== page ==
Politically, this is a bad decision by Obama and one that will be hard for some of his supporters to forgive or forget. Warren has made many statements that are deeply offensive to women and homosexuals.Then there's the other side of the coin. Here's a couple from the "Christian" Broadcasting Network:
It is one thing to try foster bipartisanship, but another to select a person, for a symbolic role, who symbolizes so many positions that have been hostile to large portions of the population. In the wake of recent decisions in California over gay marriage, this announcement was painful for many people who worked hard for Obama’s campaign. Obama’s campaign was about the promise to move beyond some of the social barriers that have separated Americans for too long. Letting Warren have this role is seen, by many Democrats, as a betrayal of this promise.
I just lost a lot of respect for Rick Warren. How can someone who professes to be a Christian, put himself into a situation where other Christians would question him? Rick has done some good work however he just lost my respect.and
I have had about all I can stand of Rick Warren's double standards. WHOSE side is he really on anyway? I'm beginning to think all he cares about are his questionable political connections. When I saw your article announcing his participation in "that one's" so called inauguration ceremony it absolutely sickened me. It isn't enough Obama is so full of himself that he "thinks" he's God. - Apparently now Rick Warren believes he is too. This is a complete mockery of all things sacred.There's a third way of looking at this, though. It can be looked at as Barack Obama doing precisely what he said he was going to do. On election night, we heard him say,
Let us resist the temptation to fall back on the same partisanship and pettiness and immaturity that has poisoned our politics for so long. Let us remember that it was a man from this state who first carried the banner of the Republican Party to the White House - a party founded on the values of self-reliance, individual liberty, and national unity. Those are values we all share, and while the Democratic Party has won a great victory tonight, we do so with a measure of humility and determination to heal the divides that have held back our progress. As Lincoln said to a nation far more divided than ours, "We are not enemies, but friends... though passion may have strained it must not break our bonds of affection." And to those Americans whose support I have yet to earn - I may not have won your vote, but I hear your voices, I need your help, and I will be your President too.This guy is taking that seriously.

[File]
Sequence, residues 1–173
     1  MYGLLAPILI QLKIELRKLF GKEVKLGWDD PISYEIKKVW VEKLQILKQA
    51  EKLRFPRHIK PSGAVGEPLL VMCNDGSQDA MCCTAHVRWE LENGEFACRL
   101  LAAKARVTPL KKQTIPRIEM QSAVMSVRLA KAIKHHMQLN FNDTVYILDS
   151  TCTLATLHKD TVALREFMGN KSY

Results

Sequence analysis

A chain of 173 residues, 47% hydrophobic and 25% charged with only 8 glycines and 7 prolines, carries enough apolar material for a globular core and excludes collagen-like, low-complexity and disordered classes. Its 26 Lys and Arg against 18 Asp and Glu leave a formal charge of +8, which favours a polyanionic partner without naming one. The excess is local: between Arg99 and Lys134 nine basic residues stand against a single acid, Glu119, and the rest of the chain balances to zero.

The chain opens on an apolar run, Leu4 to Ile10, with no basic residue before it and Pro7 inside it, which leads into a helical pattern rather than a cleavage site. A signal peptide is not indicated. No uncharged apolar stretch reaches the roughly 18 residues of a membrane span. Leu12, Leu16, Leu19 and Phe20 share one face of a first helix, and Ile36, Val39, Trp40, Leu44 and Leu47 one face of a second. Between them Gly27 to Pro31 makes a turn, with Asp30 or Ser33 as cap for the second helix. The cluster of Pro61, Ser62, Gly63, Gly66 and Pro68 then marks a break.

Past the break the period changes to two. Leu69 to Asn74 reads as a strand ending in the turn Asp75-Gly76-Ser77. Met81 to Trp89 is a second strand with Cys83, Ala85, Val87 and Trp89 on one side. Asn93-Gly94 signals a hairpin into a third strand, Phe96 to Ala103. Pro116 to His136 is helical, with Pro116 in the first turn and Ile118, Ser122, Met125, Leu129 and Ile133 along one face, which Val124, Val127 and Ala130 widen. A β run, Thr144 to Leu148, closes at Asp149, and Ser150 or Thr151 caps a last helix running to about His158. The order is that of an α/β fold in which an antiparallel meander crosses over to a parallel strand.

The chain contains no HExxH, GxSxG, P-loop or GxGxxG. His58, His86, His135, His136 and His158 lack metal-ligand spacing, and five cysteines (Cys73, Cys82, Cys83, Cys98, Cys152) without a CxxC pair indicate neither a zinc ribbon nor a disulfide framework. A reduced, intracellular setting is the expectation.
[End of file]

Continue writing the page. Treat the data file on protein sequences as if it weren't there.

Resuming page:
Update: Frank Schaeffer says it much better than I did.
Thursday, December 18, 2008
From the Anchorage Daily News (I just can't stop!):
Jury weighs whether machete slaying was intentionalHope he's got a good lawyer.
A jury this afternoon is deciding whether 29-year-old Christopher "Erin" Rogers Jr. meant to kill his father and his father's fiancee when he took a machete to them as they slept in their Palmer home.
Wednesday, December 17, 2008
Sorry so many posts have been so personal. Things will hopefully get better after Christmas or New Year's.
Saw this port-o-potty on the way to the Food Pantry this morning, and thought the name of the company was brilliant. (It might require clicking on the picture to be readable. If you do, hit your back arrow to return.)
Today was the last food pantry until January 7. People are allowed to come twice in December, once either the first or the second week and then today. Luckily we had a lot of once-a-year volunteers to help out, including a group from Allstate Insurance. They were nice folks.
Before I got started, I dropped by the toy room, where parents can pick up a free toy for each of their children. I took a few pictures, then went to find out what my work station would be today.
Things are organized differently on special days, like today. Instead of having just one place where groceries are picked up, different work stations are set up around the room. If you live by yourself, you go Table 1. Two people in the family, and you go to Table 2. Three to four people, Table 3. I was assigned to Table 4, which is supposed to be for families of five to eight people, but since there is no Table 5, it's also for families larger than eight.